T Nation

Going Overseas, No Lifting for a Year


#1

Not sure if this is the right section, but maybe I'll get some bites. I'm going overseas for a year in southeastern Asia mostly. I'm going to do missions work, sometimes we will be living in churches or houses but sometimes we will be living in our tents.
I won't have much control over my diet, but they say there is time to exercise (train) while on the field.

I'm not overly impressive to most of the readers here probably, I weigh 205 I'm 5'9 bench is 255, deadlift 455, squat 325, OHP 135x4. These numbers will all elude me soon I'm sure as I will drop weight quite quickly. I was planning on bringing bands and doing a lot of band pull aparts, facepulls, and whatever else one could do with bands. Also the obvious pushups, situps, and hopefully a place to do pullups.Training is not going to be a high priority this year, however when I have the time to do it I am going to put all I've got into it.

My question is this, and it's more opinions than advice I'm looking for, but I would definitely take advice, what would you guys do if you were in my situation?


#2

[quote]mwiersma wrote:

My question is this, and it’s more opinions than advice I’m looking for, but I would definitely take advice, what would you guys do if you were in my situation? [/quote]

Lots of bodyweight work, and lots of pull-up variations (check out books by Paul Wade and Al Kavadlo). I would also do lots of physical labor like hauling rocks and sand, busting up rocks with a sledgehammer, digging trenches, and splitting and hauling firewood. I don’t know where in Southeast Asia you’re going, but even when I was in some pretty rustic places in Thailand, Indonesia and the Philippines, there was always someplace to train. And if you’re out in a poor village with nothing made out of iron to lift, have the villagers put you to work. There’s always some heavy shit that needs to be lifted and taken from one place to another.


#3

has anyone been to koh samui? is there anywhere to train there? if so, what kind of equipment?

cheers


#4

[quote]TheCB wrote:
has anyone been to koh samui? is there anywhere to train there? if so, what kind of equipment?

cheers[/quote]

http://skygymsamui.com


#5

Also, you might explore the possibilities of sandbags, tires and logs, three things that you should be able to procure in great quantities in even the poorest, crappiest village in the third world.

If you can find an iron bar, two tires and some cement, you can make yourself a dandy barbell.

Fill an old basketball with concrete, add a PVC handle (a pair of condensation traps works well), and voila! You have a kettlebell.

Really, your only limitation is your imagination.


#6

Buy a damn sandbag! $60, fill it with rocks or whatever!


#7

[quote]Aero51 wrote:
Buy a damn sandbag! $60, fill it with rocks or whatever![/quote]

Sixty dollars nothing! An old army duffel bag works fine, and they can be had for under twenty bucks on Amazon.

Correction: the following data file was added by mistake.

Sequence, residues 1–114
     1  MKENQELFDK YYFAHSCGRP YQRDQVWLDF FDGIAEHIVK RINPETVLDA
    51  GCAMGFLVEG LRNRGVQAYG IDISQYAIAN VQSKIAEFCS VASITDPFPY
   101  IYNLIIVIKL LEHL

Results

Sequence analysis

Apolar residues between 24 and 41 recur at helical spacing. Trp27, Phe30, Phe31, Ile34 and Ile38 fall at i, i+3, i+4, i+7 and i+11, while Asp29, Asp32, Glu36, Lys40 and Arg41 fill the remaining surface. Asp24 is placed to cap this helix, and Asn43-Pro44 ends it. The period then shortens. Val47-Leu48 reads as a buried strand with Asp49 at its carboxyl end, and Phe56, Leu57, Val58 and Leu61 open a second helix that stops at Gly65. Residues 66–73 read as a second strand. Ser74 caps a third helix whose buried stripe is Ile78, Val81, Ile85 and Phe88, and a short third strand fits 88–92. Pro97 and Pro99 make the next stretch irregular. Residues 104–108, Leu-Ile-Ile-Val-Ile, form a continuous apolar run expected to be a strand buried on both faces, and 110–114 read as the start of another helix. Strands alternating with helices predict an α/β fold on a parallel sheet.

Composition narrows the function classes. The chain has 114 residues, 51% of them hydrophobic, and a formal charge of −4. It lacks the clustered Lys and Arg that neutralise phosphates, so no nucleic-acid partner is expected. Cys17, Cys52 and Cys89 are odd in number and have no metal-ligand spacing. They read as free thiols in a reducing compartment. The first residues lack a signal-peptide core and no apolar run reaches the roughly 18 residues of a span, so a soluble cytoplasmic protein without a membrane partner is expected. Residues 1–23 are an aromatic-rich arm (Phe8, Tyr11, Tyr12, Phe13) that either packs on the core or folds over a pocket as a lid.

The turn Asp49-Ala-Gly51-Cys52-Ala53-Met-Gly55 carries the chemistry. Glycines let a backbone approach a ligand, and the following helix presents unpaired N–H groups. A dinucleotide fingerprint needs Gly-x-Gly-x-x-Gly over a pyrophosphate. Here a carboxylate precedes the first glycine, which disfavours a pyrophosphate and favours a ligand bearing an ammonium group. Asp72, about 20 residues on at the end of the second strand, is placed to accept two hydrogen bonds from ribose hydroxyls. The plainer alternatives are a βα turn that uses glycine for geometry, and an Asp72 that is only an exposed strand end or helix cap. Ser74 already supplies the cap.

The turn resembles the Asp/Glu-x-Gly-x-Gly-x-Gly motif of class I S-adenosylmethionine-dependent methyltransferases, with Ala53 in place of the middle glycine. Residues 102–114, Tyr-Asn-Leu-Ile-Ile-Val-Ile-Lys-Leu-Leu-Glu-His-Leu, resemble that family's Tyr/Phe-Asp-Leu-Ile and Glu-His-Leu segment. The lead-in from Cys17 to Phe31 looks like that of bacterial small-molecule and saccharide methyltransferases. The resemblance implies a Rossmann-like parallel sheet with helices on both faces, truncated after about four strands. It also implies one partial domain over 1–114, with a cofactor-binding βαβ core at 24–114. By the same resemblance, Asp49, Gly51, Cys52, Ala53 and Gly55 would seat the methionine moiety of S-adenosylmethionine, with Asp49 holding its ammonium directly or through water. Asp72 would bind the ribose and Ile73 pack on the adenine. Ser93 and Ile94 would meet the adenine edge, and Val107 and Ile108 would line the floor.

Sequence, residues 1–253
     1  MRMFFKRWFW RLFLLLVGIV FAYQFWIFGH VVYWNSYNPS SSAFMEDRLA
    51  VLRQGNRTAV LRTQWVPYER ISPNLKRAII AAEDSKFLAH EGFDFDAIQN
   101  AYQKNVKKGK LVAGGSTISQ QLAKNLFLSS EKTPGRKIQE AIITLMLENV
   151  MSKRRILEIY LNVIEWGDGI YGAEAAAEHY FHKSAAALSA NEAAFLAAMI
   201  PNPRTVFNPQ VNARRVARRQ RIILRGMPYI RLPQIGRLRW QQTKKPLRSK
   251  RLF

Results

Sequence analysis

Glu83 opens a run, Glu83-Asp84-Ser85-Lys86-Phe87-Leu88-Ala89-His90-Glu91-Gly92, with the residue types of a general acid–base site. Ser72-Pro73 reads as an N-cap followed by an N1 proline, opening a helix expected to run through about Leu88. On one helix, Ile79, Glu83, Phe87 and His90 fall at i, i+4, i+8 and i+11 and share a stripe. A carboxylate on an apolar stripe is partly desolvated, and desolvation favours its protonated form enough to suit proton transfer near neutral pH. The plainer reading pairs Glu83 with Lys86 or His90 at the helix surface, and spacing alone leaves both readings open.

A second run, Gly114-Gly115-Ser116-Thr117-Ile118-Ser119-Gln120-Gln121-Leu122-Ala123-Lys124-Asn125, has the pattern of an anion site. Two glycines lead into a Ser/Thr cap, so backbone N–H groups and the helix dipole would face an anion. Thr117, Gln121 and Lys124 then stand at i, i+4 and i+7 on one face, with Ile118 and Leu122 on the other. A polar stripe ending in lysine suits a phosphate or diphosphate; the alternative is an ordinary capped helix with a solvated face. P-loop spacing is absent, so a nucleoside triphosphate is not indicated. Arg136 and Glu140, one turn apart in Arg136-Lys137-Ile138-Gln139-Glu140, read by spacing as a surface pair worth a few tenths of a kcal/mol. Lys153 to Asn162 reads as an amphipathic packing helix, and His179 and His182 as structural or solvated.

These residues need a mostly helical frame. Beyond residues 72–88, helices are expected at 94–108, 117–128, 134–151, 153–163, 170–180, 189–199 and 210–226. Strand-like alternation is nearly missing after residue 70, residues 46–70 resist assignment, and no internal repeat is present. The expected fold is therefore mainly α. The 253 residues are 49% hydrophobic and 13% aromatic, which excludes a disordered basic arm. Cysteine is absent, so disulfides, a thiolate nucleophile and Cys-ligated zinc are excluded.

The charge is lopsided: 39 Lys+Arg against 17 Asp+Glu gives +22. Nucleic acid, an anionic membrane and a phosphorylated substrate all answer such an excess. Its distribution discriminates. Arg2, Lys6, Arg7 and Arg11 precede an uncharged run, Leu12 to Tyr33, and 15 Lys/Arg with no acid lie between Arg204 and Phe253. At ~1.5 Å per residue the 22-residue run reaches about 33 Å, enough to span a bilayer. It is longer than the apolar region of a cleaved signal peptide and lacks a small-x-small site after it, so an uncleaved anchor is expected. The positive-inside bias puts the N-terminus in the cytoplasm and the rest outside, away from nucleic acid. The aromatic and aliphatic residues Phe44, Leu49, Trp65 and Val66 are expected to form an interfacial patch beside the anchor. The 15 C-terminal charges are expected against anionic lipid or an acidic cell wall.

#8

[quote]Varqanir wrote:

[quote]TheCB wrote:
has anyone been to koh samui? is there anywhere to train there? if so, what kind of equipment?

cheers[/quote]

http://skygymsamui.com[/quote]

thanks!!

any others you could recommend (i have googled around, just asking).


#9

jailhouse strong by josh bryant


#10

Thanks for the response, I will be going to these countries, China, Japan, Mongolia, Nepal, India, Indonesia, Phillipinnes, Thailand, Vietnam, Malaysia, and Combodia. With the exception of India however I have no idea what city I’ll be in. I know that in India I’ll be in or near Hyderabad. I appreciate the Paul Wade recommendation, I think I’m going to buy his book “convict conditioning”


#11

That sounds like an awesome trip. I’ve been to six of those countries. Currently in Japan, but Thailand has become my favourite. Going back next month.

I think you’ll enjoy Convict Conditioning. Wade has a second book in the Convict Conditioning series, as well as a book on developing and keeping muscle size as well as strength using calisthenics. It’s called C-MASS, and I think this is another you might want to consider.

The Al Kavadlo book I recommend is called Raising the Bar. Pull-ups are awesome, as you likely already know, and this book tells you how to do just about every variation you can imagine.


#12

Never mind about training, just do your best to stay healthy! Food, water, environment just take care. Still mines in V and C. However it won’t be like it was when I was there some fifty years ago when some of the population were very unfriendly!!


#13

@Varquinar That is awesome! I thought that you were overseas, a couple of years ago I remember reading a really long thread from 2013 with you and Cortez talking about Japan, it was the best thread I’ve ever read on Tnation. I am planning on doing the workouts from the convict conditioning book as often as I can. I would like to see what I can do when I focus all of my efforts on things like pullups and pistol squats and whatnot. What part of Japan are you in? I believe that my group is going to be near Osaka but I could be wrong. Also just found out yesterday that in China I will be in Lanzhou.


#14

[quote]Aero51 wrote:
Buy a damn sandbag! $60, fill it with rocks or whatever![/quote]

I just had a workout doing sideways lunges holding a fricking sand bag in front of me. I can easily squat north of 400 for reps.

I thought I was going to die.


#15

Currently in Yamaguchi Prefecture, which is about three hours from Osaka by bullet train. Lots of mountains, which I enjoy climbing.